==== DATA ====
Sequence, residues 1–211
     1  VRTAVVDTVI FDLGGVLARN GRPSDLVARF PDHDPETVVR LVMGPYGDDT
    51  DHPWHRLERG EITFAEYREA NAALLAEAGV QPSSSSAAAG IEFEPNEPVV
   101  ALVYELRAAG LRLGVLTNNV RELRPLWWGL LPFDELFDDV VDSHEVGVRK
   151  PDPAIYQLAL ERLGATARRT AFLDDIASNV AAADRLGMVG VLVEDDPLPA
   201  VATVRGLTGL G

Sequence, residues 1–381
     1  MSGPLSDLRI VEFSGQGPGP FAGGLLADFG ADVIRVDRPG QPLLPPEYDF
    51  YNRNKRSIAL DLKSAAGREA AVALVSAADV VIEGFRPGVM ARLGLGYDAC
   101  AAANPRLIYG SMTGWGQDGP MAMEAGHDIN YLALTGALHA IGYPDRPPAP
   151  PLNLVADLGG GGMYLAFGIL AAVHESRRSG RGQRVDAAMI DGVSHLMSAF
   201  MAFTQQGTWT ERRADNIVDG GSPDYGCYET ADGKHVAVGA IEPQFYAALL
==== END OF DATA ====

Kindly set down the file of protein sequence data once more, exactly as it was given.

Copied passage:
Sequence, residues 1–211
     1  VRTAVVDTVI FDLGGVLARN GRPSDLVARF PDHDPETVVR LVMGPYGDDT
    51  DHPWHRLERG EITFAEYREA NAALLAEAGV QPSSSSAAAG IEFEPNEPVV
   101  ALVYELRAAG LRLGVLTNNV RELRPLWWGL LPFDELFDDV VDSHEVGVRK
   151  PDPAIYQLAL ERLGATARRT AFLDDIASNV AAADRLGMVG VLVEDDPLPA
   201  VATVRGLTGL G

Sequence, residues 1–381
     1  MSGPLSDLRI VEFSGQGPGP FAGGLLADFG ADVIRVDRPG QPLLPPEYDF
    51  YNRNKRSIAL DLKSAAGREA AVALVSAADV VIEGFRPGVM ARLGLGYDAC
   101  AAANPRLIYG SMTGWGQDGP MAMEAGHDIN YLALTGALHA IGYPDRPPAP
   151  PLNLVADLGG GGMYLAFGIL AAVHESRRSG RGQRVDAAMI DGVSHLMSAF
   201  MAFTQQGTWT ERRADNIVDG GSPDYGCYET ADGKHVAVGA IEPQFYAALL